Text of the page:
The allure of ChatGPT as an oracle is of course hard to resist. But I think if we recognize these two functions as separate, and focus on LLMs capabilities as analysts, we can wring some value out of them. (Their environmental impact notwithstanding.)

One Response

Apple TV+’s takeover of the Apple TV app Home Screen

Part of what used to be great about the Apple TV is that — unlike an Amazon Fire TV, for instance — Apple didn’t really have specific content it was trying to push on you. Sure, it might suggest that you rent or buy a movie from iTunes instead of from Amazon; and it would be safe to assume it might only recommend content that was available on iTunes, but practically that included everything.

Amazon, on the other hand, since they had gotten into the original content market, would be incentivized to give priority to their TV shows over others. Is my Amazon Fire TV recommending Sneaky Pete to me because it’s similar to stuff I watch, or because they stand to gain from it?

When Apple TV+ was announced, I worried that Apple’s having a stake in what specific content I watch would taint the Apple TV experience.

Boy, has it.

Below is a full view of the contents of the macOS TV app. The TV app on the Apple TV streaming box is roughly identical.

Continue reading

Leave a Comment

The Monetized Web

Nobody loves a paywall, but everybody loves Substack

Increasingly, it feels like paid memberships for web content are not only a viable alternative to surveillance-driven ad revenue, but one that readers are eager to embrace. The success of Substack demonstrates this. This success is often framed as a preference for reading in the inbox rather than on the web, which is some feat considering how much people have come to loathe email in general over the last couple decades.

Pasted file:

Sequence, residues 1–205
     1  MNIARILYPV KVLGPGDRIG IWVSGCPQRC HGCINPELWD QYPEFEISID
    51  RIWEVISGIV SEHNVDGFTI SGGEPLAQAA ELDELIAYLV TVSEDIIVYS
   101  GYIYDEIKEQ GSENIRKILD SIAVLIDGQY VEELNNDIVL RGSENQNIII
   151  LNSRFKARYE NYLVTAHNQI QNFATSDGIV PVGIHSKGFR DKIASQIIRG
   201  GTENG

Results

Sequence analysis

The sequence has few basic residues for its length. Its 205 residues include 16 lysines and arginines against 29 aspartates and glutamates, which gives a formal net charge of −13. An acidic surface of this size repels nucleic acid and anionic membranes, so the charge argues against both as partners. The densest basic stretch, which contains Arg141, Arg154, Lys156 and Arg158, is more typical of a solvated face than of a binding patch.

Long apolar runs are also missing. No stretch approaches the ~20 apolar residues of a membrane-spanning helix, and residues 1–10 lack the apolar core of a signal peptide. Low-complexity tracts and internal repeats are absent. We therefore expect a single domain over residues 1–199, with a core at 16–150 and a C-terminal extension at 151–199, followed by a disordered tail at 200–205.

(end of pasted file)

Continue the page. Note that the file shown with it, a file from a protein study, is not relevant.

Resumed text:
But I don’t think it’s the inbox per se that people like; it’s that the inbox gives people what the web used to — and no longer does, but could — give them: an ad-free and distraction-free reading experience. Medium was supposed to do this, but has, perhaps predictably, caved and started showing upsell popups and “related content” sidebars all over its article pages to get your money and keep you on the site.

Patreon, like Substack, has seen a lot of success, but for whatever reason isn’t really thought of as a place for longform writing. Its content tends to be audio, video, art, and access to Discord communities.

Continue reading

One Response

Apple’s incomplete pronoun fields

In iOS 17, you are now able to add pronouns to contacts, including your own contact card. This is a good thing, but at least one important pronoun case is missing from the “English” options.

The cases included are:

  1. Subjective (“Yesterday, she went outside.”)
  2. Objective (“I went with her.”)
  3. Possessive pronoun (“The idea was hers.”)

These three cases mirror the common “she/her/hers” structure used to communicate pronouns on social platforms like Twitter and Zoom; as such, they may seem complete, but they aren’t.

The missing case is the possessive adjective: “It was her idea.”